What is Primary care?
Primary care along with the primary care providers are the front lines of medicine and for many, they are the initial point of contact with the healthcare system. They are usually the first to see patients as they present into the system, evaluating and treating a gamut of medical issues and complaints from the minor to the complex and everything in between. Their unique positioning and ability allow them to study the patient’s medical and social history, develop a trusted rapport, and participate in a collaborative management.
Primary care professionals are, essentially, the quarterbacks of healthcare. They ensure patients get the right care, at the right time in the right setting, in a patient centric manner in congruence with the patient values.
Why is primary care important?
A PCP provides:
- Preventive care services centered around regular health checks all designed to heed off the preventable consequences of many diseases
- Evaluate and treat medical conditions, acute and chronic
- Promote and teach healthy lifestyle choices,
- Make referrals to medical specialists, when needed.
Research has shown that adults (in the US) who have a primary care provider are 19% less likely to die prematurely than those patients only seeing a specialist for their care. Additionally, Primary care is provided at a lower cost. Here again research has demonstrated that people who have a primary care provider save 33% on healthcare over their peers who only see specialists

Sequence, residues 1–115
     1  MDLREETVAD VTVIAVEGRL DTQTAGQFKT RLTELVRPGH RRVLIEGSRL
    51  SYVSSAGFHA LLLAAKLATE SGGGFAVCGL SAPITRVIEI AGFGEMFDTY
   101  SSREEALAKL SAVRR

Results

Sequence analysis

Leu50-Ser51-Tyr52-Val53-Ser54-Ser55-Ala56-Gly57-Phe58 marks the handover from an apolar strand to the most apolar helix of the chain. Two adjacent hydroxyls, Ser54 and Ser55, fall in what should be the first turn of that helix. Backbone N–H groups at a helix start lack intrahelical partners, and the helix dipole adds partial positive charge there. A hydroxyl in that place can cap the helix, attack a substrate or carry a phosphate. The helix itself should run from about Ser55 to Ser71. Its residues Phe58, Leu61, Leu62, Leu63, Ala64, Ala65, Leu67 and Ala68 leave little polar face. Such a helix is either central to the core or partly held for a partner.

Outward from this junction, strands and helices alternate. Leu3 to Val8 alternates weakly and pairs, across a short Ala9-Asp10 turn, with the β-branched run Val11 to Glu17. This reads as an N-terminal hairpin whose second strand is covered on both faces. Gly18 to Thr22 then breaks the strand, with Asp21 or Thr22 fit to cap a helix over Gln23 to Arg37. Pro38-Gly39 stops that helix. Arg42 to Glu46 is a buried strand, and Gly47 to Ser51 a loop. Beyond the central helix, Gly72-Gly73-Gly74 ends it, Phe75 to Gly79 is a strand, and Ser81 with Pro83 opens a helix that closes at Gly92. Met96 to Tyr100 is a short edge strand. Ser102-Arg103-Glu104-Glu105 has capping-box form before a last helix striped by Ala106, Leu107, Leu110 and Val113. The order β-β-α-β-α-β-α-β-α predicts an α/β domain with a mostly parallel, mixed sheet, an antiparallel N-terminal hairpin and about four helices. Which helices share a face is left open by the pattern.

Primary care in crisis
For all its proven value and worth the profession is in a crisis. Data analysis has revealed that while 55% of office visits take place in a primary care setting, only 4-7% of healthcare dollars go to primary care; highlighting the gross underfunding of primary care reimbursement compared to other specialties, and a contributing factor to why so few medical students choose this path
Hope for Primary Care
The American Journal of Medicine in an article recommends 7 steps that the profession, health care systems, academic medicine, governmental agencies, and insurers (including the Centers for Medicare and Medicaid Services) could take to revive primary care. They are:
- Discarding the Artisan Model: First, medicine as a profession must discard the artisan model of primary care
- Promoting a New Vision: primary care medicine must actively promote a new and positive vision of primary care physicians as specialists
- Changing Medical Groups: medical groups need to fundamentally change the work of primary care physicians by applying systems approaches
- Training Programs: training programs must expose students and residents to desirable primary care practices
- Improving Professional Lifestyles: medical groups need to improve the professional lifestyles of primary care physicians.
- Financial Incentives: state and local governments should recognize that the lack of primary care physicians is an impending crisis for health care
- Finally, payers need to better compensate primary care physicians